The increase in the price of fuel, scarcity of foreign exchange, and disruption in food supply chain pushed headline inflation to a new record high of 21.09 per cent in October, according to the National Bureau of Statistics.
This is 0.32 per cent higher than 20.77 per cent reported in September. This means that the cost of living is rising rapidly in Africa’s most populous nation.
The NBS said, “Likely factors responsible for the increase in annual inflation rate (year-on-year basis): disruption in the supply of food products; increase in cost of importation due to the persistent currency depreciation; and a general increase in the cost of production e.g., increase in energy cost.”
While inflation has been on the increase year-on-year, the statistics body revealed that there had been a decline in headline inflation month-on-month in the last three months due to a decline in the changes in the food index. It stated this might be because the nation was currently in its harvesting season.
Speaking in its, ‘Consumer Price Index October 2022’ report, the NBS said, “In October 2022, on a year–on–year basis, the headline inflation rate was 21.09 per cent. This was 5.09 per cent points higher compared to the rate recorded in October 2021, which was 15.99 per cent.
“This shows that the general price level for the headline inflation rate increased in October 2022 when compared to the same month in the preceding year (i.e., October 2021) by 5.09 per cent. On a month-on-month basis, the Headline inflation rate for October 2022 was 1.24 per cent, this was 0.11 per cent lower than the rate recorded in September 2022 (1.36 per cent). This means that in October 2022 the general price level for the headline inflation rate (month–on–month basis) declined by 0.11 per cent.”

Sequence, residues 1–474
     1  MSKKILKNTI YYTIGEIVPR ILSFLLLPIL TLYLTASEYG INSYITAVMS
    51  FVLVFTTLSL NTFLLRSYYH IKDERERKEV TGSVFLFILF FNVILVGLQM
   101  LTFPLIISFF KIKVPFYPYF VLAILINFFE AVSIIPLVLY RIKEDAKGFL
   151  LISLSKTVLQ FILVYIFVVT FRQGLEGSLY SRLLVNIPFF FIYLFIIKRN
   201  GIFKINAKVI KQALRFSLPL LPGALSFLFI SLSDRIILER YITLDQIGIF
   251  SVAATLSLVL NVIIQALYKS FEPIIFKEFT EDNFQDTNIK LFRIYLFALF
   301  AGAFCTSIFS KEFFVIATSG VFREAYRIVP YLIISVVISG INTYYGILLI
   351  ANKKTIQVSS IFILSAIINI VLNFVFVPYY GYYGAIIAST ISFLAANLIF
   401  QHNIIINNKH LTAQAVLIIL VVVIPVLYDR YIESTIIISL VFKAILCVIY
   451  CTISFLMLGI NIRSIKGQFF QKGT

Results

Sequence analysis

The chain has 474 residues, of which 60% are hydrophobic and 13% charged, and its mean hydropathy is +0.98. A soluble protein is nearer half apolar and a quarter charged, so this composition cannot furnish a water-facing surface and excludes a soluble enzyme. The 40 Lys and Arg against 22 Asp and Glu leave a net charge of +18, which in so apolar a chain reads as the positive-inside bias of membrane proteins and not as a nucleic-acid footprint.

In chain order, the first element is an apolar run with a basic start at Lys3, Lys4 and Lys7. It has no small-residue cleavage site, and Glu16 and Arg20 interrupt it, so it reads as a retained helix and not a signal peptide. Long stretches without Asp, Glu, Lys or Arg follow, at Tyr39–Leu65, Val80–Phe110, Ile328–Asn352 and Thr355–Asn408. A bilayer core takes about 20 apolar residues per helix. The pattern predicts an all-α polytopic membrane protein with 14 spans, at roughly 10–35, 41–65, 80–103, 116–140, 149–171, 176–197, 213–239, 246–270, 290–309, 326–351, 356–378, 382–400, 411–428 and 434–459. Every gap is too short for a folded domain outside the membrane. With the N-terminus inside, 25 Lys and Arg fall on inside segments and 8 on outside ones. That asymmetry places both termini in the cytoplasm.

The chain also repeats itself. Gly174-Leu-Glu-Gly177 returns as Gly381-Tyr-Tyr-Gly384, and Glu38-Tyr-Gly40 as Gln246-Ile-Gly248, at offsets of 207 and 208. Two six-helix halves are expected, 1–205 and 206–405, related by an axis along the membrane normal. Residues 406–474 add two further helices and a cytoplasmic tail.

According to the NBS, urban inflation rate had risen to 21.63 per cent while rural inflation was now 20.57 per cent.
It further revealed that increases in the prices of bread, cereals, potatoes, yams, other tubers, oil and fat pushed food inflation to 23.72 per cent in October.
Flood-ravaged Kogi is the worst hit, with inflation hitting 25.15 per cent in the month.
The nation’s statistics body said, “In October 2022, all items inflation rate on a year-on-year basis was highest in Kogi (25.15 per cent), Bauchi (23.45 per cent), Ondo (23.45 per cent), while Plateau (19.02 per cent), Borno (19.31 per cent) and Nasarawa (19.39 per cent) recorded the slowest rise in headline y-o-y.”
In October, fuel scarcity hit different parts of the nation, with filling stations selling petrol above the approved price of N180-N185/litre. This affected the price of transportation as public transport workers transferred this increase in cost to commuters.